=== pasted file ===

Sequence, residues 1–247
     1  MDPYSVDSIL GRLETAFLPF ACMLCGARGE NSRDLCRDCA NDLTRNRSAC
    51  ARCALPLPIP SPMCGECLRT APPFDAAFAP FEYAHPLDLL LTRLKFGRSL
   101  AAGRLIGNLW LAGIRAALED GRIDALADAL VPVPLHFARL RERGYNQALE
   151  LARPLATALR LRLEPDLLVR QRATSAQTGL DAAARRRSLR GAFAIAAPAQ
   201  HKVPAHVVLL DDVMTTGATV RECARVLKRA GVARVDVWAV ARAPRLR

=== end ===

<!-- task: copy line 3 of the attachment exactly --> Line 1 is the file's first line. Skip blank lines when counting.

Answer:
    51  ARCALPLPIP SPMCGECLRT APPFDAAFAP FEYAHPLDLL LTRLKFGRSL